Impacts of Choice Architecture on Vehicle Purchasing
By Kate Rack and Jenna Zhang, April 8, 2014
Understanding how to display fuel economy data on vehicle labels to promote environmentally friendly automobile purchases.
Researchers: Elke Weber, Eric Johnson, Rick Larrick, Christoph Ungemach, Adrian Camilleri
The MPG Illusion
Prior to 2013, vehicle labels featured only miles per gallon (MPG) data, which created misunderstanding on the actual fuel efficiency of the vehicle in question (Larrick & Soll, 2008). The “Miles Per Gallon Illusion,” as it is called, highlighted how consumers have trouble converting the MPG metric to gas consumption and cost. They assume that MPG and gas consumption have a linear relationship, making drivers believe that the difference in gas consumption between a vehicle with 10 MPG fuel economy to 12 MPG is the same as the gas consumption difference between 40 MPG and 42 MPG, which is incorrect. There is great value in a small increase in fuel efficiency in already inefficient vehicles (Figure 1). Figure 2 illustrates the differences in perceived and actual benefits of more efficient gas mileage.
To combat this confusion, changes have been made to vehicle labels to help consumers understand fuel economy and allow them to make better-educated purchases. The sticker now includes gallons per mile information and annual fuel costs to counteract the MPG illusion since consumers are not good at converting MPG to cost (Larrick and Soll 2008). The label still includes MPG, but has added annual fuel cost estimate, gas consumption per 100 miles, and greenhouse gas and smog ratings (Figure 3).
With these new labels in mind, Adrian Camilleri and Richard Larrick conducted research that sought to understand how changing the information on vehicle fuel economy labels, metric and scale can help people make more informed choices, and what combination of information yields the strongest preference for fuel-efficient vehicles.
The research utilizes principles from the field of choice architecture, which states that choices are always made in context. People usually do not have a concrete and stable preference, but construct a preference every time they are asked to make a decision. Most people are influenced by the context of the situation; the term “choice architecture” refers to all of the tasks and features associated with a decision that influences what information is used and how it is processed. For example, a consumer might read a review of a product before purchasing. The person writing the review has the power to decide what attributes (characteristics of the object such as color and price) they will use to rate the product. The choice that the consumer makes is affected by how the product reviewer used specific characteristics to rate the product. Here, the reviewer is the “choice architect” and the characteristics chosen by him are components of “choice architecture.”
Camilleri and Larrick conducted two studies, testing 908 participants who chose between two vehicles that traded off on price and fuel economy. When given information on fuel economy, they changed the metric (gas consumption vs. cost of gas) and distance (100 miles vs. 15,000 miles vs. 100,000 miles) across different trials. 100 miles is what is currently used on the fuel efficiency label, 15,000 miles corresponds to miles driven in a year, and 100,000 miles is roughly the amount driven over the lifetime of a vehicle. In both studies, the fuel-efficient vehicle was more expensive. But, the cost of the vehicle in the first study, over approximately 100,000 miles, made up for the initially higher price. This means the fuel-efficient vehicle paid for itself over the lifetime of the vehicle. In the second study, the fuel-efficient vehicle paid for itself in half of the situations but not in the other half.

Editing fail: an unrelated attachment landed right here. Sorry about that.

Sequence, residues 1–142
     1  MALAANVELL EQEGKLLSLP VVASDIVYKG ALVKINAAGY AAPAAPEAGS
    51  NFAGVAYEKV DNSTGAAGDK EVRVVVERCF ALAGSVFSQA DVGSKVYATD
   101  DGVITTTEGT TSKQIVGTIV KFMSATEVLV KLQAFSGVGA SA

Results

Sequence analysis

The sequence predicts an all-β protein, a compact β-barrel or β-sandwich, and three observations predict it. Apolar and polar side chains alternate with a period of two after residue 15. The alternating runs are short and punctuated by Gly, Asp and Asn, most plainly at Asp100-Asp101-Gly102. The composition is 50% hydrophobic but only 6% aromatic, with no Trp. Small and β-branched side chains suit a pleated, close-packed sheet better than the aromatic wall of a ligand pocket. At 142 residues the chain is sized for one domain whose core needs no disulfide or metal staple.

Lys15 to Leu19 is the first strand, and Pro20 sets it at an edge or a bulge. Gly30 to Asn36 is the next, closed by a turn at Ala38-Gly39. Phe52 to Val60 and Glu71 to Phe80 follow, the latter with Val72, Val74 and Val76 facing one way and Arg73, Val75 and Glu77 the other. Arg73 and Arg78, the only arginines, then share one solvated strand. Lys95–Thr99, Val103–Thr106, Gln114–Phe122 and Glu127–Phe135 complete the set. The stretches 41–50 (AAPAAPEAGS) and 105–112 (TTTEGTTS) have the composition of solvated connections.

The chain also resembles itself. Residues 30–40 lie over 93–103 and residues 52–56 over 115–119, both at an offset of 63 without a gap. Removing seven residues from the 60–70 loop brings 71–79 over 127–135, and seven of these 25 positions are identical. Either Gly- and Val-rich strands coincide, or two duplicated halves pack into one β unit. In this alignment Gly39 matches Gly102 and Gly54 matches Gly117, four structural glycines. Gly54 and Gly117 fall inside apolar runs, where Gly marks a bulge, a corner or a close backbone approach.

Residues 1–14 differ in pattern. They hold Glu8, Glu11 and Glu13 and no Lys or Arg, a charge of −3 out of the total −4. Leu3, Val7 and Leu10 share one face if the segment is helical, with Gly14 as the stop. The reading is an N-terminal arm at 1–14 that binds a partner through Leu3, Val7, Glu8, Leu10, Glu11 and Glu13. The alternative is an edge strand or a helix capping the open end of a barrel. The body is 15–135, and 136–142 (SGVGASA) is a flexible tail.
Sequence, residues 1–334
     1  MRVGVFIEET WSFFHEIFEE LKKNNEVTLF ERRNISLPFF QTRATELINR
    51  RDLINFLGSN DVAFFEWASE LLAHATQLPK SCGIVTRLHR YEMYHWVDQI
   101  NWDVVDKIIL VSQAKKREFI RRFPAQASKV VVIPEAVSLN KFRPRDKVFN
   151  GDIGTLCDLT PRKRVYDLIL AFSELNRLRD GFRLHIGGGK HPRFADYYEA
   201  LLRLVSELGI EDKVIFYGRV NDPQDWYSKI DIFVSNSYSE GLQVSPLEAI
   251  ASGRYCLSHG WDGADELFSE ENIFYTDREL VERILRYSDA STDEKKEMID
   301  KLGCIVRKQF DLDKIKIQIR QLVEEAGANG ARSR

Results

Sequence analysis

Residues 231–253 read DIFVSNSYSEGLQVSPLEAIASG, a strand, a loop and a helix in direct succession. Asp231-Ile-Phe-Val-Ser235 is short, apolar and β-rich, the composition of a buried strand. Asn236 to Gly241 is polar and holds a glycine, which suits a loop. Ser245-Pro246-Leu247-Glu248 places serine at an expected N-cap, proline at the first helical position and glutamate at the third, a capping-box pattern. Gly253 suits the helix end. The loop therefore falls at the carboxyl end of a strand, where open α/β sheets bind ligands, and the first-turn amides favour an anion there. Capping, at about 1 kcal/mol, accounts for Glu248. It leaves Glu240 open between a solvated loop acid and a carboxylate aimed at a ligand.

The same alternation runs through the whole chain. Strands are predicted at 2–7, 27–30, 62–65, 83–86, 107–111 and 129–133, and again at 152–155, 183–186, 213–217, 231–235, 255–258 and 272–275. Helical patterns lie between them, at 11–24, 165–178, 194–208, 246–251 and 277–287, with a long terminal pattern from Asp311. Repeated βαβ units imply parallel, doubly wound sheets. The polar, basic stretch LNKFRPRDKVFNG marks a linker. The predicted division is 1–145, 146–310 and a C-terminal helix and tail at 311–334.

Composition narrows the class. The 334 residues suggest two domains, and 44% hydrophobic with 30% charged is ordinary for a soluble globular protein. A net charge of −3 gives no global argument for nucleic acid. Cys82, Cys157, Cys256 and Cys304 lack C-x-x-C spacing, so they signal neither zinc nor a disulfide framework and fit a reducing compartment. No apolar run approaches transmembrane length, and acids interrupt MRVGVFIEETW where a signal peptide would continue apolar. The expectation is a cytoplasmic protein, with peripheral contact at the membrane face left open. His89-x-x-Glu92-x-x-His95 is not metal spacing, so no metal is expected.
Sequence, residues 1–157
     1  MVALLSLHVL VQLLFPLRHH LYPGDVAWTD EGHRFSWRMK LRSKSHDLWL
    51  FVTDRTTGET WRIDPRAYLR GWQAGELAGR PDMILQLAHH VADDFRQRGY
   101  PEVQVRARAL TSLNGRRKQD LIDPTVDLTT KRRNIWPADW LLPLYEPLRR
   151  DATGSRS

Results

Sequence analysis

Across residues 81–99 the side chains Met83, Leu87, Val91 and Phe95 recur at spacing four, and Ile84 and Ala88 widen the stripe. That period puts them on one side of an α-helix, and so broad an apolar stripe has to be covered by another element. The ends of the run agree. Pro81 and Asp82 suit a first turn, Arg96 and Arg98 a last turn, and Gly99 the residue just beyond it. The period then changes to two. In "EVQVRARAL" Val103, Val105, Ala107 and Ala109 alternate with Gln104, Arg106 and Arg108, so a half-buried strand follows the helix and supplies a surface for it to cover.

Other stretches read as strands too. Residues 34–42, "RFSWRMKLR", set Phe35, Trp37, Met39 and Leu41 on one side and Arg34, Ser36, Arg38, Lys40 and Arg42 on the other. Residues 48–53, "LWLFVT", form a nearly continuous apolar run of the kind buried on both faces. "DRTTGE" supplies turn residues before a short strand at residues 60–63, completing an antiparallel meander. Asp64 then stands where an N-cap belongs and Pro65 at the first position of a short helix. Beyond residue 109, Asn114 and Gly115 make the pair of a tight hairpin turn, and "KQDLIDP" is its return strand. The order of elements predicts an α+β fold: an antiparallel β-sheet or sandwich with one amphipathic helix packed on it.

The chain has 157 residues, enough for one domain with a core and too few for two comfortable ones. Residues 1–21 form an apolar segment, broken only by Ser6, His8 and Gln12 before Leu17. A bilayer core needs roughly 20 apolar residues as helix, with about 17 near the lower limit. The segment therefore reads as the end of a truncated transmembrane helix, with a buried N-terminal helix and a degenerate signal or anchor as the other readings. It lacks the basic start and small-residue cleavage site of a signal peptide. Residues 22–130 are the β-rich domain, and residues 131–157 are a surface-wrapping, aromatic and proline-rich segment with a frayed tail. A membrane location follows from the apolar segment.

The key finding of this research is that consumers choose fuel-efficient vehicles more often when fuel economy is expressed in terms of cost of gas over a longer time frame- the 100,000-mile scale. This is significant because this is not expressed on the current vehicle labels.
Product labeling is an important public policy tool. The way that information is framed can help to reduce green house gas emissions by encouraging pro-environmental behavior that is also economically beneficial for the consumer. Currently, fuel economy labels do not include information regarding the cost of gasoline over 100,000 miles. However, including this could be an easy and effective way to encourage consumers to choose fuel-efficient vehicles. MPG alone, and the cost of gasoline over 100 miles do not give enough information.
1Larrick, R. P., & Soll, J. B. (2008). The MPG Illusion .Science, 320, 1593-1594. Available here.
Camilleri , A. R., & Larrick, R. P. (2013). Metric and Scale Design as Choice Architecture Tools. Journal of Public Policy and Marketing: Spring 2014, Vol. 33, No. 1, pp. 108-125 Available here.
For more information on the larger project that this study is a part of click here.
A short video explaining choice architecture and this study can be found here.
An additional blog post on this same topic can be found here.